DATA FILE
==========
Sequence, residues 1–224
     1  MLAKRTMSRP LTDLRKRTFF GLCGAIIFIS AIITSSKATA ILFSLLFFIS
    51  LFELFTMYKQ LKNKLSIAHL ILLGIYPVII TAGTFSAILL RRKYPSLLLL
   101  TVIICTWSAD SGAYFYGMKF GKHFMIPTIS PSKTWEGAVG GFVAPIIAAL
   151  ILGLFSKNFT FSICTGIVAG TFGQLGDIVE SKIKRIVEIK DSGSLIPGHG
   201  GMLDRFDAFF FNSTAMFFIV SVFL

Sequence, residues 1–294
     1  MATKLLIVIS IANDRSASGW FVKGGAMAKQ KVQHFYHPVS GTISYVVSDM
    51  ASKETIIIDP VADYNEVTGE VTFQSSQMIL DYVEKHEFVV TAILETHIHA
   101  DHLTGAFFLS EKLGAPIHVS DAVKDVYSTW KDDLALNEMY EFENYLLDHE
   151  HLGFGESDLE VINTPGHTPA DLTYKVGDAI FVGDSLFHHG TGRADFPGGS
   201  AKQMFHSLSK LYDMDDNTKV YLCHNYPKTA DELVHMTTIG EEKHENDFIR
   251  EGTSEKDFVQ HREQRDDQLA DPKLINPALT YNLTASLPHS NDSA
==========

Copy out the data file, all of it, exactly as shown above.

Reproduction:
Sequence, residues 1–224
     1  MLAKRTMSRP LTDLRKRTFF GLCGAIIFIS AIITSSKATA ILFSLLFFIS
    51  LFELFTMYKQ LKNKLSIAHL ILLGIYPVII TAGTFSAILL RRKYPSLLLL
   101  TVIICTWSAD SGAYFYGMKF GKHFMIPTIS PSKTWEGAVG GFVAPIIAAL
   151  ILGLFSKNFT FSICTGIVAG TFGQLGDIVE SKIKRIVEIK DSGSLIPGHG
   201  GMLDRFDAFF FNSTAMFFIV SVFL

Sequence, residues 1–294
     1  MATKLLIVIS IANDRSASGW FVKGGAMAKQ KVQHFYHPVS GTISYVVSDM
    51  ASKETIIIDP VADYNEVTGE VTFQSSQMIL DYVEKHEFVV TAILETHIHA
   101  DHLTGAFFLS EKLGAPIHVS DAVKDVYSTW KDDLALNEMY EFENYLLDHE
   151  HLGFGESDLE VINTPGHTPA DLTYKVGDAI FVGDSLFHHG TGRADFPGGS
   201  AKQMFHSLSK LYDMDDNTKV YLCHNYPKTA DELVHMTTIG EEKHENDFIR
   251  EGTSEKDFVQ HREQRDDQLA DPKLINPALT YNLTASLPHS NDSA